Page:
Suggestions? Thanks in advance!
I would recommend Bike fridays low end model for packability or a Dahon Boardwalk. Bike fridays are good bikes .I have one.If you cannot find anything ,You may P.M me or e mail.If you are going to the P.I There should be people who can repair bicycles.I checked the Bike friday website all the used models are higher end.The pocket tourist straight 8 is $799 new ,list price though. Bike fridays come in two frame sizes small and medium. This might solve your fit problem.

Last edited by James H Haury; 05-27-05 at 08:27 AM.
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Old 05-28-05, 01:31 PM   #4
eff-J
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Quote:
Originally Posted by beaterbike
1. It must have the ability to be packed in a hardshell case that meets airline regulations [...] I do not want to remove wheels or disassemble the bike.

2. It must have 20'' wheels and rims
Aren't these two mutually exclusive needs? I'm fairly certain that none of the 20" Dahons will fit into a regulation case without removing the wheels at the very least. And I think the same goes for the Bike Fridays, doesn't it?

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Old 05-28-05, 03:53 PM   #5
ks1g
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Originally Posted by eff-J
Aren't these two mutually exclusive needs? I'm fairly certain that none of the 20" Dahons will fit into a regulation case without removing the wheels at the very least. And I think the same goes for the Bike Fridays, doesn't it?

eff-J
I noticed that, too. With a quick release, removal of the front wheel is simple. Quick removal of the rear wheel pretty much requires a rear derailluer and quick release hub. And while the Dahon case is over the 62 linear inch regulation size, I noticed the folks at Gaerlan have figured out how to pack a 20" Dahon into a 62 inch case. Their "Go Travel" model might be an option for him.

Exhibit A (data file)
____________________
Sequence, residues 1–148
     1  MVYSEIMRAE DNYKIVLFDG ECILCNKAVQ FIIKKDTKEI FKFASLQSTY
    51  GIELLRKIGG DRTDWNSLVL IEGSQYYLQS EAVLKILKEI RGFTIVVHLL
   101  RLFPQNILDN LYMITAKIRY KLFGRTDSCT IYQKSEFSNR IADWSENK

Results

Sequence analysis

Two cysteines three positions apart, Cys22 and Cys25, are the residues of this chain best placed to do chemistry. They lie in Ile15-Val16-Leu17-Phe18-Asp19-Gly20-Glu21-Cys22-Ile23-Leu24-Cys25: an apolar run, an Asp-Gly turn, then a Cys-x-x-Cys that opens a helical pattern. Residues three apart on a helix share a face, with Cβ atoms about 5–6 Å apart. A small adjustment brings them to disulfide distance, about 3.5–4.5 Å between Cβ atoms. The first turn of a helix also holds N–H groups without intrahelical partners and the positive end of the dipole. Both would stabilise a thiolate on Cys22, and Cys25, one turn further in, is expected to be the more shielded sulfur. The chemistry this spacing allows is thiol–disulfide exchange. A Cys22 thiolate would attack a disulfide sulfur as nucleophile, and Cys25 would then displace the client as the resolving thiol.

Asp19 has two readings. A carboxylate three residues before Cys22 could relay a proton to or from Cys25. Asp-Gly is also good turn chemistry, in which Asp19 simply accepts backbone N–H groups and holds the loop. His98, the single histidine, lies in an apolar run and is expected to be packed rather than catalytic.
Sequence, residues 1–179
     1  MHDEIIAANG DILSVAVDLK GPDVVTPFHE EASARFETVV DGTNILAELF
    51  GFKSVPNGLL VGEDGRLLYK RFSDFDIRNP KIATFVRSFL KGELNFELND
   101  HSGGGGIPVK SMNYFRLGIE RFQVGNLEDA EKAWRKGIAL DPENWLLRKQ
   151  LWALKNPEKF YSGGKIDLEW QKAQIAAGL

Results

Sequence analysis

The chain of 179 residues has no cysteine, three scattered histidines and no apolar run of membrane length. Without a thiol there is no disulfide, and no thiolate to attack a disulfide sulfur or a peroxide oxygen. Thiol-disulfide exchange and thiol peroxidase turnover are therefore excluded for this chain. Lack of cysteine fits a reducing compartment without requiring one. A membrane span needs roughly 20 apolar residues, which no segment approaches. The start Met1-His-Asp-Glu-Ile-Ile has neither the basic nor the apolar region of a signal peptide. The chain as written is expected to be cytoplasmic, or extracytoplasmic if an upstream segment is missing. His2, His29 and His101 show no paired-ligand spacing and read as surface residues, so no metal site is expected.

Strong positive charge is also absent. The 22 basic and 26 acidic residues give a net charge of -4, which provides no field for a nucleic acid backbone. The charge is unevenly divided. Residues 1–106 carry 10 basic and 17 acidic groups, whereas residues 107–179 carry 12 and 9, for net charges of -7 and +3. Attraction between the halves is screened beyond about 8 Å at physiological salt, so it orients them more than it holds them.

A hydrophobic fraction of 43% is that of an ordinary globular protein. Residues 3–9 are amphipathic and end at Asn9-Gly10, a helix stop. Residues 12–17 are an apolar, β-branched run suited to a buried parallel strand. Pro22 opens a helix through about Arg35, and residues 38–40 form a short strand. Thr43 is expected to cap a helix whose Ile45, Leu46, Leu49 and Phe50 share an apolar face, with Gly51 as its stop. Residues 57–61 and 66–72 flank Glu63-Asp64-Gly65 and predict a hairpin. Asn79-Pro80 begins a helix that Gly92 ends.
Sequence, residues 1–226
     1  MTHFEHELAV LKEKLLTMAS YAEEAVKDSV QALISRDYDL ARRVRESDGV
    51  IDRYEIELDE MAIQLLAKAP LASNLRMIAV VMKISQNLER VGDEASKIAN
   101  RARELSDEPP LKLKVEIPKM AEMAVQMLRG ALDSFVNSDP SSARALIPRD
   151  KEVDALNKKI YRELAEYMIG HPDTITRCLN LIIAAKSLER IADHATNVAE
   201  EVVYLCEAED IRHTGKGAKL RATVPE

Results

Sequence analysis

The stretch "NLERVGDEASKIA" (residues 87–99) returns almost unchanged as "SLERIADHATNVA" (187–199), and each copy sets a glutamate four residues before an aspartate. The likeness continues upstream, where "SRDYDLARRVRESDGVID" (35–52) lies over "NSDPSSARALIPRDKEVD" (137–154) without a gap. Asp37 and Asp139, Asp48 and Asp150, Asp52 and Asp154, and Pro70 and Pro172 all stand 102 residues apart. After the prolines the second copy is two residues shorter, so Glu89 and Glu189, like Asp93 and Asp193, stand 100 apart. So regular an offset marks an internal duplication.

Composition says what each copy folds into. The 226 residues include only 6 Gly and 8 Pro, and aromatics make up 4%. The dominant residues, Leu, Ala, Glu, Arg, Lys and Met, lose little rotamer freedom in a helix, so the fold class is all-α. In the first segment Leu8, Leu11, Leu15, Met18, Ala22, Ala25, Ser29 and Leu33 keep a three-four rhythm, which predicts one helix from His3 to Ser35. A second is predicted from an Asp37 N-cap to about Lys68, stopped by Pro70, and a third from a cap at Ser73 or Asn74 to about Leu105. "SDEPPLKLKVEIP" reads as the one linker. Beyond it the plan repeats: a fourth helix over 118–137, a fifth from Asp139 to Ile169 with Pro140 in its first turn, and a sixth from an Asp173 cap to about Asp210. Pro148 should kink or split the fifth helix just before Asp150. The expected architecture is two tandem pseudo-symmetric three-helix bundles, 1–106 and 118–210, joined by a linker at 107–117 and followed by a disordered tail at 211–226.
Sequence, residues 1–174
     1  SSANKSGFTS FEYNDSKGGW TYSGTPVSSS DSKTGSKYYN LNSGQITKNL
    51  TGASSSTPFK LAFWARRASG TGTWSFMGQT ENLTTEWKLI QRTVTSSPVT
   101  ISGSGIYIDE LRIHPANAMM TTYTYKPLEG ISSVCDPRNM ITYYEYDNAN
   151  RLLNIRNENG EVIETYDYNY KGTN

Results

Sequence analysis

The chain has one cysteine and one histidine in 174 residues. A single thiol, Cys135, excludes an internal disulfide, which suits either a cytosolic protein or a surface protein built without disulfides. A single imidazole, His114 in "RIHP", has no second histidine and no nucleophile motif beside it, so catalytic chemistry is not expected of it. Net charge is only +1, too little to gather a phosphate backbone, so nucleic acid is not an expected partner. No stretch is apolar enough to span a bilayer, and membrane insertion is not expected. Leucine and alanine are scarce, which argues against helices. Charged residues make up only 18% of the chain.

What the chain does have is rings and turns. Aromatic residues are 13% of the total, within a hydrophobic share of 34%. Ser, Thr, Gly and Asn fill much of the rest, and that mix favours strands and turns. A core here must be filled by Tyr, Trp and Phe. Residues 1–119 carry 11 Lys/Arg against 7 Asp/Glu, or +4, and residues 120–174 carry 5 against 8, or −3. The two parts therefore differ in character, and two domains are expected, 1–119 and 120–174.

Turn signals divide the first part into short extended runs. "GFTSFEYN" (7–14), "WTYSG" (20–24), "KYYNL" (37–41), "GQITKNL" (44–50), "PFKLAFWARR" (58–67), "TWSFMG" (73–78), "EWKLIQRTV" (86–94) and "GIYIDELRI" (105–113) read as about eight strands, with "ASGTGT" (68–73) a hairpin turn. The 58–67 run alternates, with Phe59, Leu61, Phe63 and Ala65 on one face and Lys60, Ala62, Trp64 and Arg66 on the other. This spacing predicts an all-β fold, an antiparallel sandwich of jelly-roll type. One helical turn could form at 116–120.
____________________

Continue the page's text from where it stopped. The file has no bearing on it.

The other unknown is how often he needs to transport the bike. He's paying a premium for a Dahon or BF folder to do that repeatedly. It might be easier in the long run to disassemble a conventional steel frame bike ONCE (I'd pick an older hardtail MTB), ship it ONCE, reassemble ONCE, and leave it behind when he leaves.
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Old 05-29-05, 12:33 AM   #6
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There is a LOT of wisdom in that statement. Consider the need for the folding bike when travelling. If one is going to be spending a lot of time in one specific location, it makes more sense to just take a normal bike. International travel often allows for larger bike boxes and the hassle isn't that great if only doing it occasionally. In fact, one can also allow for just leaving a frame and/or wheelset in the remote location if travelling back/forth often. That's what I've done - I have a wheelset sitting in France which makes packing up my bike a lot easier (it's S&S coupled). Even leaving a nice inexpensive frame abroad isn't that expensive. Just spend 30 minutes pulling off the components between trips. That's essentially what you have to do to get everything from a >20" wheel bike into a real airline case anyway.

Quote:
Originally Posted by ks1g
folder to do that repeatedly. It might be easier in the long run to disassemble a conventional steel frame bike ONCE (I'd pick an older hardtail MTB), ship it ONCE, reassemble ONCE, and leave it behind when he leaves.